2012 - Issue Four

Without Fathers

Pravin Thevathasan Download Article

Popenoe, David , Families Without Fathers: Fathers, Marriage and Children in American Society (Piscataway, NJ: Transaction Publishers, 2009, 287 pages).

Blankenhorn, David, Fatherless America: Confronting Our Most Urgent Social Problem (New York, NY: HarperPerennial, 1996, 336 pages).

Blankenhorn’s work was published back in 1996 and it has rightly become a much discussed classic. He demonstrates that America has, in good measure, lost the very idea of fatherhood. The home has become feminized and the role of the father as provider has been gradually eroded. The author shows how the fragmentation of fatherhood has contributed fundamentally to the ills of contemporary society: increasing youth violence, domestic violence against women, child abuse, and economic poverty.

Blakenhorn is quite clear that the belief that fatherhood is not necessary has been detrimental to the upbringing of children. A myth has been created of the “old father” who is depicted as a wife-beater and stern disciplinarian. In contrast, there is the “new father” who is nurturing and caring and motherly. The author shows that children need neither the old nor the new father. What they need is the father who is “the good family man” who provides for and protects his family. He loves his spouse and children and puts their needs above his own. The father and mother are of equal importance and they complement each other.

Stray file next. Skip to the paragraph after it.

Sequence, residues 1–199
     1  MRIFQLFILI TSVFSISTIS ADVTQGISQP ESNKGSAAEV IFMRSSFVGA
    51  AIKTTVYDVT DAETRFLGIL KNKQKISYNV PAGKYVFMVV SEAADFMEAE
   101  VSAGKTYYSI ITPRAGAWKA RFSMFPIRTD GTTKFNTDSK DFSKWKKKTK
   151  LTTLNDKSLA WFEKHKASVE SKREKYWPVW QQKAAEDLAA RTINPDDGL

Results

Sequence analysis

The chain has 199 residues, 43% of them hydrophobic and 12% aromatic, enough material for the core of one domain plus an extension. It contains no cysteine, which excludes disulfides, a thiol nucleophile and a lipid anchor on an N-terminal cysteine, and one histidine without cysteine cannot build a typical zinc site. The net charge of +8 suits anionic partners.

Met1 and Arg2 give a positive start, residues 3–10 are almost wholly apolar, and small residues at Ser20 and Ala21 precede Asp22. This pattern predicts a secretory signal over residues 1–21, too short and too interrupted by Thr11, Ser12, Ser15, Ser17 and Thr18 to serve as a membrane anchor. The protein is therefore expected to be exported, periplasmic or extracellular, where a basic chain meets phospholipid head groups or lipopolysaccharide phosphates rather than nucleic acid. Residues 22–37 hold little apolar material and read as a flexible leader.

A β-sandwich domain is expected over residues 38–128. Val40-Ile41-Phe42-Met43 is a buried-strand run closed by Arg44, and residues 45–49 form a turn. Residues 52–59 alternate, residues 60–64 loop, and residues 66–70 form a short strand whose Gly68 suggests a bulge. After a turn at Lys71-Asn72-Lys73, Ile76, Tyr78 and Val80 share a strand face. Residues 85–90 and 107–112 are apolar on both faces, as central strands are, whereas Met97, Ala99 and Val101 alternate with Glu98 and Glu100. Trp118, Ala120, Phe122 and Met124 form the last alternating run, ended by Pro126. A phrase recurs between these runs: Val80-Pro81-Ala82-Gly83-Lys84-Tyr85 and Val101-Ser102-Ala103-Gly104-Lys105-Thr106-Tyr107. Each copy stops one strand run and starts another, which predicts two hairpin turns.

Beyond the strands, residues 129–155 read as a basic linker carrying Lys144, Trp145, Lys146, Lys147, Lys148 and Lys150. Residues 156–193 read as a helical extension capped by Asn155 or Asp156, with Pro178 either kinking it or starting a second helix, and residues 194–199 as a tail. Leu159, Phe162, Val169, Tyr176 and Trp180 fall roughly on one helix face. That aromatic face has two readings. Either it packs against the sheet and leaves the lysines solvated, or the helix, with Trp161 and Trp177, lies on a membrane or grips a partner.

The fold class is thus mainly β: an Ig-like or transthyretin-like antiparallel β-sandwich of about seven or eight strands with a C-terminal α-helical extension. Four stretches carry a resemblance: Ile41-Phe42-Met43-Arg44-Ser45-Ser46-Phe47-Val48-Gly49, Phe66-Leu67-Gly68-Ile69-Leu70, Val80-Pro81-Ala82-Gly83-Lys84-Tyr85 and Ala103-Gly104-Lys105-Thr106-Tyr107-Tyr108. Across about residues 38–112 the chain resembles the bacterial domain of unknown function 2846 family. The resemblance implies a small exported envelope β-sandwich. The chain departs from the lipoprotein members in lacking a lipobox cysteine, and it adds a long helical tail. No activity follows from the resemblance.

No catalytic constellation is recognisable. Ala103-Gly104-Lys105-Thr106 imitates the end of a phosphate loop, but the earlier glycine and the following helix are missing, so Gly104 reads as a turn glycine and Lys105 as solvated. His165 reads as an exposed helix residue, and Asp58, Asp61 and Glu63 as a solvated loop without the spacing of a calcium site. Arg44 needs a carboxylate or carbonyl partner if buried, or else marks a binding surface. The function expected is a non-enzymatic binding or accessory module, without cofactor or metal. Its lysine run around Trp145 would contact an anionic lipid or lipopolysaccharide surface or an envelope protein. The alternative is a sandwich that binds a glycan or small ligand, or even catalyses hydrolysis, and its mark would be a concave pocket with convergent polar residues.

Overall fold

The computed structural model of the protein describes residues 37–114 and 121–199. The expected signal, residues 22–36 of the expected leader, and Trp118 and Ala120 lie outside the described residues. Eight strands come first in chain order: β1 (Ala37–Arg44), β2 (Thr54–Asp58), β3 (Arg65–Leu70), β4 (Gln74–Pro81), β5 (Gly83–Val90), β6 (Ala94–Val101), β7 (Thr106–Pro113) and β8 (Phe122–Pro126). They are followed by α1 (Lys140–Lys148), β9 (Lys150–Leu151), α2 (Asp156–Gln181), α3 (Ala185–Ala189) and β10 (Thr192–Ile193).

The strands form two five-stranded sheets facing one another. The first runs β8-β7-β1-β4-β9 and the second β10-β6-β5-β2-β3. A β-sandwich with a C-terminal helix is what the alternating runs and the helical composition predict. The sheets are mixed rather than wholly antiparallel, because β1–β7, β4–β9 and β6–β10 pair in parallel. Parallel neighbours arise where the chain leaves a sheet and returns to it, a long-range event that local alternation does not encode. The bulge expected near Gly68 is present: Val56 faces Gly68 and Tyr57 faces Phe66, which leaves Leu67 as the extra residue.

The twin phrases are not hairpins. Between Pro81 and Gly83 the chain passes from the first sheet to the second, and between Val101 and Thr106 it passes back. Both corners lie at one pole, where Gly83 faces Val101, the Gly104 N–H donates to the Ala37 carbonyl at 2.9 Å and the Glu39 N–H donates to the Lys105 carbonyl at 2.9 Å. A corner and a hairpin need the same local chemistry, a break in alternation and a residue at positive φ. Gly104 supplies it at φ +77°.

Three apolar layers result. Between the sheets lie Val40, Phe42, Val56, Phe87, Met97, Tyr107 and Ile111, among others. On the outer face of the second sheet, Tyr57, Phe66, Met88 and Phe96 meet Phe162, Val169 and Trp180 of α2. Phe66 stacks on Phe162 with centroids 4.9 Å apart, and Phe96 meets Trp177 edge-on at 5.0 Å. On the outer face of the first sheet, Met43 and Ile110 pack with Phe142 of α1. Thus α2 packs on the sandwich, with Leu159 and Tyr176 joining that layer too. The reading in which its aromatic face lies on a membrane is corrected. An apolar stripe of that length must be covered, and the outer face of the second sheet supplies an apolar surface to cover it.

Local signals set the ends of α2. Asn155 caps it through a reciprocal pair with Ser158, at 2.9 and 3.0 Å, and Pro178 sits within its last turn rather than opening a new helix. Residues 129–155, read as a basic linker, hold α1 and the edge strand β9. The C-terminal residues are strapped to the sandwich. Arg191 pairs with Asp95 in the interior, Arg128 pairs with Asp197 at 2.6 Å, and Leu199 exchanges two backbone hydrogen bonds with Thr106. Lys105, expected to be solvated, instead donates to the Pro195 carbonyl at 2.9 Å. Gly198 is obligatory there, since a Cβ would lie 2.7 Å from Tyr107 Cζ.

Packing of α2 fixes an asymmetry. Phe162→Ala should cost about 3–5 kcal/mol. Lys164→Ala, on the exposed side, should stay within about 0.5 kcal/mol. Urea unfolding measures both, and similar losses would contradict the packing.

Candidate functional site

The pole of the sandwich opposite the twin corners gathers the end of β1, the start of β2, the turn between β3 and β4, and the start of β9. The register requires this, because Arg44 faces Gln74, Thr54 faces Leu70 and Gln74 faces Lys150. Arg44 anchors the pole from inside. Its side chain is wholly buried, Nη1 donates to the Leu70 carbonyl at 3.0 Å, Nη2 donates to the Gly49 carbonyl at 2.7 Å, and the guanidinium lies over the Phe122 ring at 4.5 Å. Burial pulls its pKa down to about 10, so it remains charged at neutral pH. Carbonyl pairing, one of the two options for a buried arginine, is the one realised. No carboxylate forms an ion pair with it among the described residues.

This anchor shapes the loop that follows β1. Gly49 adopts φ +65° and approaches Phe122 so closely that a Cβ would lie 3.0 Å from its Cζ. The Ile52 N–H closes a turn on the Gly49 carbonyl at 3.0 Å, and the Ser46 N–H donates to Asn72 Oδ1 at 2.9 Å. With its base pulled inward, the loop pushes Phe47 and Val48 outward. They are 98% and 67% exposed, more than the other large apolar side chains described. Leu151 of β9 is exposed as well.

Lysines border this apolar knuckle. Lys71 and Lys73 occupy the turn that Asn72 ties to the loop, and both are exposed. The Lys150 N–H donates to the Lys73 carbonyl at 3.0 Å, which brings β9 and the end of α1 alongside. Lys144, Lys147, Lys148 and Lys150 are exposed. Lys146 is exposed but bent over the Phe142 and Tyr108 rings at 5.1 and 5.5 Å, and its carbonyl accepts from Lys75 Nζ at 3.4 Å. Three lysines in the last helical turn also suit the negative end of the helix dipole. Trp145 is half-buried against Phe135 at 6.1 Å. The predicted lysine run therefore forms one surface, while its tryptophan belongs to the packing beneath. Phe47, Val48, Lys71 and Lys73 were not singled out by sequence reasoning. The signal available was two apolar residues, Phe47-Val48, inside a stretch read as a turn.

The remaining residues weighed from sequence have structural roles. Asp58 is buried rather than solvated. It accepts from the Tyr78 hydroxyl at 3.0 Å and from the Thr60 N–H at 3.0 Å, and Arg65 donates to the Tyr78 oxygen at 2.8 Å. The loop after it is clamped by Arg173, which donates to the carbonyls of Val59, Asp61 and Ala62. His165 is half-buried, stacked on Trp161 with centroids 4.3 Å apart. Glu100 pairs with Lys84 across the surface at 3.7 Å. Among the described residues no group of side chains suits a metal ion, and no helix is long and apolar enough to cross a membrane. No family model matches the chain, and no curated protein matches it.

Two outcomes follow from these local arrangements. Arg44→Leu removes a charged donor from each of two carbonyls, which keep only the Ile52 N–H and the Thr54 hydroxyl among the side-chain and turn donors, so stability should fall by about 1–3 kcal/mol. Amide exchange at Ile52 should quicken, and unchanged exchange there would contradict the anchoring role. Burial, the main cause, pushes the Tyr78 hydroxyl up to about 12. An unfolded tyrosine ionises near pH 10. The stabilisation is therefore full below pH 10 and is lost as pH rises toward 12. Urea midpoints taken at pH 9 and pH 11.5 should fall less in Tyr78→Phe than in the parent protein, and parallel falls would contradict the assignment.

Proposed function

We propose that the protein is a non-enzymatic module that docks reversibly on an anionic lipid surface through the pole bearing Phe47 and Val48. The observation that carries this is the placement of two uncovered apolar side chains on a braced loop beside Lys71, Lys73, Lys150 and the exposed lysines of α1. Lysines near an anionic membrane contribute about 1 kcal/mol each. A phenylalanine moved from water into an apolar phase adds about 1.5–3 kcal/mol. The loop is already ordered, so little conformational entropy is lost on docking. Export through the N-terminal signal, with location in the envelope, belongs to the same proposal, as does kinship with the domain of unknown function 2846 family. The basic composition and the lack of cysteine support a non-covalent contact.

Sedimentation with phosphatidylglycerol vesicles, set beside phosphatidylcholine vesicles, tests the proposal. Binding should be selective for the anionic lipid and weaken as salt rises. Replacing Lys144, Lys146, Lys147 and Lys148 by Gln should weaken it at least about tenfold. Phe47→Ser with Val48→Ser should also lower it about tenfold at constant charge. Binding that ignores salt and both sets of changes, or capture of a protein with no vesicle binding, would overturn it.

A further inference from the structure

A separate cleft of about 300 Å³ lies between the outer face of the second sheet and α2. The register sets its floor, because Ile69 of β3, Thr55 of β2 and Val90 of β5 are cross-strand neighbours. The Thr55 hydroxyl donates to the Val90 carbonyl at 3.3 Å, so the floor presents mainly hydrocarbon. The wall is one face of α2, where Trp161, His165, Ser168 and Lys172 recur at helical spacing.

It is important to note that although the author (who is non-religious and believes homosexual love to be of equal dignity to heterosexual love) is now a supporter of same-sex “marriage,” he has not retracted the major findings in this highly readable and relevant work.

Popenoe’s work was published more recently and, like Blankenhorn, he argues that fathers play a crucial role in child development. Children develop best when they are given the opportunity to have warm, enduring relationships with both their fathers and mothers. The research evidence suggests that surrogate fathers are poor substitutes for natural fathers. Fatherless children are more likely to drop out of school, give birth as teenagers and become juvenile delinquents. The author suggests that if current trends continue without redress, “our society could be on the verge of committing social suicide.”

The author argues that the main reason for this trend towards fatherlessness is the growth of radical individualism. In the past, self-development was for the sake of a greater good such as caring for the family; now, self-interest has emerged as an acceptable and even desirable good in the pursuit of self-development.

The author argues that it is best to relax the moral prohibition against premarital sex so as to permit limited non-marital cohabitation. However, several studies have shown that this compromise does not work: those who marry after cohabitation are more likely to divorce than those who do not.

With some reservations, this work is commended for its wealth of information.